Directed energy weapons intended to disrupt or damage their victims’ brains were the most likely source of a series of mysterious attacks singling out U.S. personnel assigned to the U.S. Embassy in Cuba in 2017, three doctors involved in the investigation have told National Defense in exclusive interviews.
The three experts were contacted by the State Department to investigate 25 cases of government employees working in Cuba who complained of suddenly hearing noises, pressure in their ears, followed by symptoms such as headaches, vertigo, dizziness and loss of cognitive functions.
The team of three experts concluded that incident was a widescale use of electronics to carry out a so-called neuro-weapon attack. Neuro-weapons are an emerging, but little understood threat that is compounded by the ease in which they can be purchased on the internet.
“I think we are turning a page,” said Dr. James Giordano, a professor at the departments of neurology and biochemistry at Georgetown University Medical Center and chief of the Neuroethics Studies Program at the Pellegrino Center for Clinical Bioethics. The Pentagon has taken notice of the event and Giordano and the two other team members will be briefing the J3, joint chiefs of staff, on Sept. 7.
The team recorded “objective findings of balance disorders” on 100 percent of the 25 victims, who had reported the symptoms. Everyone was abnormal in at least one balance test. “We made sure they were ‘super’ abnormal not just ‘barely’ abnormal, Hoffer said. The 10 people who were in the same buildings at the time of the attacks showed no symptoms.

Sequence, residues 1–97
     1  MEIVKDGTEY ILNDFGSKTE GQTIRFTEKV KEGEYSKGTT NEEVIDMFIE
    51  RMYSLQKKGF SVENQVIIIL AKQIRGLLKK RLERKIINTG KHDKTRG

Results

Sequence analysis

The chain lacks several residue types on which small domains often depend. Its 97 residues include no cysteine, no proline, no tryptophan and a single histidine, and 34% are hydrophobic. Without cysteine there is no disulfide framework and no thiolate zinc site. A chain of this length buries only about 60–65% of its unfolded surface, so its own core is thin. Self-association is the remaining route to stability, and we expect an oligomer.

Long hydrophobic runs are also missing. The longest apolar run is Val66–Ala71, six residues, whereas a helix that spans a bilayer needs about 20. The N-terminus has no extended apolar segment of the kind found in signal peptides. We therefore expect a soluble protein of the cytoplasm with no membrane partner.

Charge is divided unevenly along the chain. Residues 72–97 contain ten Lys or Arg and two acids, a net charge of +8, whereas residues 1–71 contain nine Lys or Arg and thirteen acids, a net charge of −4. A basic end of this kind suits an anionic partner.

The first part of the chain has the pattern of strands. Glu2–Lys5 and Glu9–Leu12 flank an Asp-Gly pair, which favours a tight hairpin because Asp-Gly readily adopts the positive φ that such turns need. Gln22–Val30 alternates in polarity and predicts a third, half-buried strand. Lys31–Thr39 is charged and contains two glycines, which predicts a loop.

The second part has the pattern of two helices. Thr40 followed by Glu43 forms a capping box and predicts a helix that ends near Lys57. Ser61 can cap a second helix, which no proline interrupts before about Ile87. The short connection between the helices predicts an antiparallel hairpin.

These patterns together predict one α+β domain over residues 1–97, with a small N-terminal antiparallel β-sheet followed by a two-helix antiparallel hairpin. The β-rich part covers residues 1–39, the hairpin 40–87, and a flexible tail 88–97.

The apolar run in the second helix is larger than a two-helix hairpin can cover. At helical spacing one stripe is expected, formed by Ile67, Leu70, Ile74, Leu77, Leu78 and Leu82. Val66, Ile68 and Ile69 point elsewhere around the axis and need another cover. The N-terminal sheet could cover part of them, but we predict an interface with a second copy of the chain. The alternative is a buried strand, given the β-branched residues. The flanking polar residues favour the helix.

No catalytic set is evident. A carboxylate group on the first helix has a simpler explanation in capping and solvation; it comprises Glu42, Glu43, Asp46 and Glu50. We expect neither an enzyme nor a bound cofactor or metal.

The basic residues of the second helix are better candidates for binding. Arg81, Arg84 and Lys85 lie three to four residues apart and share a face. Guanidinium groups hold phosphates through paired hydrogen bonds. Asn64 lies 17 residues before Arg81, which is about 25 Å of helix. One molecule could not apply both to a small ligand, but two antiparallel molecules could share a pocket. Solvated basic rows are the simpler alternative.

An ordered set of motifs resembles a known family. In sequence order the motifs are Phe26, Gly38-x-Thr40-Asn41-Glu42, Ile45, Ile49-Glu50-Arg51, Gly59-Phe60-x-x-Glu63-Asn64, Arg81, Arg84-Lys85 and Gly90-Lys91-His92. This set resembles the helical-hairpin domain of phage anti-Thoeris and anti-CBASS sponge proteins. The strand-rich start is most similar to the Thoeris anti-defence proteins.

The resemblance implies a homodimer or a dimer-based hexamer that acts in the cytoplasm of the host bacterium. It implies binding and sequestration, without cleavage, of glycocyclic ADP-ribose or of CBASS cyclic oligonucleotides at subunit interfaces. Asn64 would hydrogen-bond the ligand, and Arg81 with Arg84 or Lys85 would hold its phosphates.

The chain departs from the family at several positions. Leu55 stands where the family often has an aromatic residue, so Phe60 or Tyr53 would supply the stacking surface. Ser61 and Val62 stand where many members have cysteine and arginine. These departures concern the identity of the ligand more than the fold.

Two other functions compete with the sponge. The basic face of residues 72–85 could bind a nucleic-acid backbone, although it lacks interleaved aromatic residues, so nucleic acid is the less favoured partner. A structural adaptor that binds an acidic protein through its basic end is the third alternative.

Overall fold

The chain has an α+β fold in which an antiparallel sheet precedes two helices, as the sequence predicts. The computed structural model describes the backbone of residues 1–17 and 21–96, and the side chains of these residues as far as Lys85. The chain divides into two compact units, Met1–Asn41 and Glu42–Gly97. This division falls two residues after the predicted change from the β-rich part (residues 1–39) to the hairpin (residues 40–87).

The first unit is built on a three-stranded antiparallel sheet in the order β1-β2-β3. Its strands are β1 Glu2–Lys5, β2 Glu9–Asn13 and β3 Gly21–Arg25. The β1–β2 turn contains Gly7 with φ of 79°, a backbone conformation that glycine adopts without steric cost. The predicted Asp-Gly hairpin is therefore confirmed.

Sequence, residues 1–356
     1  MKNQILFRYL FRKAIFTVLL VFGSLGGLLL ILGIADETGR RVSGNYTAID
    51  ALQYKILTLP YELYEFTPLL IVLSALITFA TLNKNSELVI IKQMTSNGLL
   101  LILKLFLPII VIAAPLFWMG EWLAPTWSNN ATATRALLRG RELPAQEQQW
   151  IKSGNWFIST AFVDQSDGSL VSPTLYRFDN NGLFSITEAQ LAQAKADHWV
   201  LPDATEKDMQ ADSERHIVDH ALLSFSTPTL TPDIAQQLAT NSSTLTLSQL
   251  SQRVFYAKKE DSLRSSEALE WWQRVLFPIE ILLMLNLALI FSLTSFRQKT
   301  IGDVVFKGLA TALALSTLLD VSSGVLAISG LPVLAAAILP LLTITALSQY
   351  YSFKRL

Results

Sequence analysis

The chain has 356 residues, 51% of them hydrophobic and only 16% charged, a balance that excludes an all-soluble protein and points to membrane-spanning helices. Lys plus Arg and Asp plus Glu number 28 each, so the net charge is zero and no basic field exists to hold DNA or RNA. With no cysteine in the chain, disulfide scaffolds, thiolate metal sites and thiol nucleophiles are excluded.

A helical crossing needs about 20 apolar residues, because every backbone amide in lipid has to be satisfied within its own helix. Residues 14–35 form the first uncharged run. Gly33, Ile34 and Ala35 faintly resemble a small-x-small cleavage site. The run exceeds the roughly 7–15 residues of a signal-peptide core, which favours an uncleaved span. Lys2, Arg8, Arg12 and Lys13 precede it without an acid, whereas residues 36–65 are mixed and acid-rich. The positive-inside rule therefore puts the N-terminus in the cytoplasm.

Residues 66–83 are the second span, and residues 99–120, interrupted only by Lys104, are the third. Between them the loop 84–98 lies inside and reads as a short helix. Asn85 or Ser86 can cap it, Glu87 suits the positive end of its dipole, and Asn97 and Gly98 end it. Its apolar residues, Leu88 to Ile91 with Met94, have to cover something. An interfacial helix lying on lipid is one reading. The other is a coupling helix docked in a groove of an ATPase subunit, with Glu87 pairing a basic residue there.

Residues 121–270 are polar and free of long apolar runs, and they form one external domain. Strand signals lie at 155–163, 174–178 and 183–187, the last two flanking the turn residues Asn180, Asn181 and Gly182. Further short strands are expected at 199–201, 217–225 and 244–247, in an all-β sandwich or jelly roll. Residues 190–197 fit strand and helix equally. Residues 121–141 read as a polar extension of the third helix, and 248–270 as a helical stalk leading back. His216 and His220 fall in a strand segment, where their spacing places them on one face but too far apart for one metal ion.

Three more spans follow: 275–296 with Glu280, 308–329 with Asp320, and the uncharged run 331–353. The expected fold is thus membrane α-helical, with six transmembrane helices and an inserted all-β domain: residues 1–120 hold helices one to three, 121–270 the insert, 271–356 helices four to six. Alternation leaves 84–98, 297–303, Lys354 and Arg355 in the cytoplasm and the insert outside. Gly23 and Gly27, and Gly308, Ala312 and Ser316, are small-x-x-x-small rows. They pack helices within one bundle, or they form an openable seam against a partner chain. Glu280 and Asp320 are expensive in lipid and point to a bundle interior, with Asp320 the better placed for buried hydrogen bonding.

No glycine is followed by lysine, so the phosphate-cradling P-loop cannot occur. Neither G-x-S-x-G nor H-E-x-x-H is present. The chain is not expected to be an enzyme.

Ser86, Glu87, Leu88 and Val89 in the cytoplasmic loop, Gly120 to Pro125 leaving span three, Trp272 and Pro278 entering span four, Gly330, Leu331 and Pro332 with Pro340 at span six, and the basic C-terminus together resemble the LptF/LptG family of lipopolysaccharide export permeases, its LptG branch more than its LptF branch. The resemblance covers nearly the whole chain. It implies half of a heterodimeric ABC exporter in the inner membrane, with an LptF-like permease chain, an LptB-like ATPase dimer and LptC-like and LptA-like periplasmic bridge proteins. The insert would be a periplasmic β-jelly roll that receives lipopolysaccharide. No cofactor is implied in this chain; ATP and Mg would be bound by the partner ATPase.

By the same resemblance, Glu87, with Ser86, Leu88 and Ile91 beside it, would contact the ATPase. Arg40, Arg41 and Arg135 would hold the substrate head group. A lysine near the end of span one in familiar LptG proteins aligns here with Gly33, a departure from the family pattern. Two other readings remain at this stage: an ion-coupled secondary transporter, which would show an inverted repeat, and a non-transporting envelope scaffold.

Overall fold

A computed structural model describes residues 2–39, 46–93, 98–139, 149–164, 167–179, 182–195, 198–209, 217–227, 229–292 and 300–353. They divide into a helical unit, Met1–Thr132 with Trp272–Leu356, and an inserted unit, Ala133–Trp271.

The 25 victims also had a unique pattern of cognitive disorders that the co-lead of the team, the university’s director of neuropsychology Dr. Bonnie Levin, picked up, he said.
Giordano said directed energy weapons can cause these injuries by creating “cavitation,” or air pockets, in fluids near the inner ear. The shape of the inner ear amplifies sounds and waveforms to cause the effect. The process creates air bubbles, or cavities, that eventually burst.
Near the inner ear are two pathways carrying blood to the brain — the cochlear aqueduct and the vestibular aqueduct. The bubbles can travel rapidly up the aqueducts into the brain where they can “function as a stroke,” Giordano said.
“The likelihood of multiple sources of energy of acoustic and radio frequencies … is there, we just don’t know what it was,” he said.
The team could not conclude exactly what method the perpetrators used on the victims, but narrowed it down to several possibilities: drugs alone was deemed “unlikely.” Ultrasonic (acoustic) exposures they judged “very possible and likely.” Electromagnetic pulsing was also rated “very possible and probable.” Microwave energy was deemed possible, but “unlikely.”
There was another possibility — but more information was needed to know — that the attackers used a combination of a drug that was activated by the directed energy weapon.
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